Judas's theft is obvious sin. But, there was more to it. All of the 12 disciples-- Judas included-- had hung out with Jesus. They'd heard his teachings. They'd seen all the miracles he'd done-- the healings, the casting out of demons, the feeding of thousands, the walking on water. Judas, more than most, had an opportunity to see that Jesus was the real deal as a prophet and one who changed people. And yet, Judas rejected him. Judas didn't want anything to do with Jesus's power in his life. Judas wanted to stay in his sin, in his bitterness, away from joy. His loss.
If you find yourself in such a situation, with unconfessed sin in your life, the Bible is clear on this: confess your sin to God and get it over with. 1 John 1:9 is clear on this situation: "If we confess our sins, he is faithful and just and will forgive us our sins and purify us from all unrighteousness." You have the opportunity to wipe out your sins and restore the right relationship with God, one full of joy.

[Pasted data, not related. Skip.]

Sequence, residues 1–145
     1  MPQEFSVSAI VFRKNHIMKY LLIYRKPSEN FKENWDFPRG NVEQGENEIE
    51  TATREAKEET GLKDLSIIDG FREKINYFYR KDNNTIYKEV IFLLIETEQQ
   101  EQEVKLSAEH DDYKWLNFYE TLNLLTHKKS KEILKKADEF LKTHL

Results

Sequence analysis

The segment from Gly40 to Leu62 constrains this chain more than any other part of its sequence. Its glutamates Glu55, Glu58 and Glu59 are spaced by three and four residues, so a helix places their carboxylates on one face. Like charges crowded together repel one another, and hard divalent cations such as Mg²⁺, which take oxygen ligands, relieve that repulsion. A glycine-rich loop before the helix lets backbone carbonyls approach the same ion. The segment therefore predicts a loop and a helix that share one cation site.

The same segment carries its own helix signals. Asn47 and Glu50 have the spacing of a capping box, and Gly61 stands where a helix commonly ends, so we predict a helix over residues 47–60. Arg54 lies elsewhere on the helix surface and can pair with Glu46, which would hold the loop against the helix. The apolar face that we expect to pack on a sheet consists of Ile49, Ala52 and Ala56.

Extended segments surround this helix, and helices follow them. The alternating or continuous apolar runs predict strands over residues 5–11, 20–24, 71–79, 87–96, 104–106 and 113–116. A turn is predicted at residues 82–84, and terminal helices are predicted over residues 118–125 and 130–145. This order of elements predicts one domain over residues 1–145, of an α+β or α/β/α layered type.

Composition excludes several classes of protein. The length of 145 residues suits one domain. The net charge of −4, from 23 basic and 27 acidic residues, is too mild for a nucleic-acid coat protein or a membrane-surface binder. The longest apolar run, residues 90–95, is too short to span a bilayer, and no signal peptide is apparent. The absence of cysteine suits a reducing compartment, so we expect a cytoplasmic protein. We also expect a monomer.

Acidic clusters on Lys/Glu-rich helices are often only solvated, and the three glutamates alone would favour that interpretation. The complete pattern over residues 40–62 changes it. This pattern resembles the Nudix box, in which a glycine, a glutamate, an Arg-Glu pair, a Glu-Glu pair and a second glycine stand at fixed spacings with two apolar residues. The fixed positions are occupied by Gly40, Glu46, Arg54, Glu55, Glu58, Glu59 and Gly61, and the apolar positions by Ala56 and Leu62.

So, we can forget what God's done in our lives, and have sin in our lives keeping us from joy. Finally, the third area that can keep us from joy that I'm focusing on tonight is this: busyness. Looking at another New Testament example, we can see this in action as well. In Luke 10:38-42, Jesus is visiting Mary and Martha's house. Yes, this is the same Martha as the one who'd go on to wash Jesus's feet as we just covered.
But, unlike Zacchaeus, Martha had a different take on the visitor: work needed to be done. At the time, being a good host to visitors was essential. So, Martha was running around, making sure the house was clean. Mary was sitting down. Martha was making sure there was food to eat. Mary wasn't. Martha was making sure there was drink as well. Mary wasn't. This continued for some time until Martha blew her cool and cried out "Lord, don't you care that my sister has left me to do the work by myself? Tell her to help me!" [Luke 10:40b]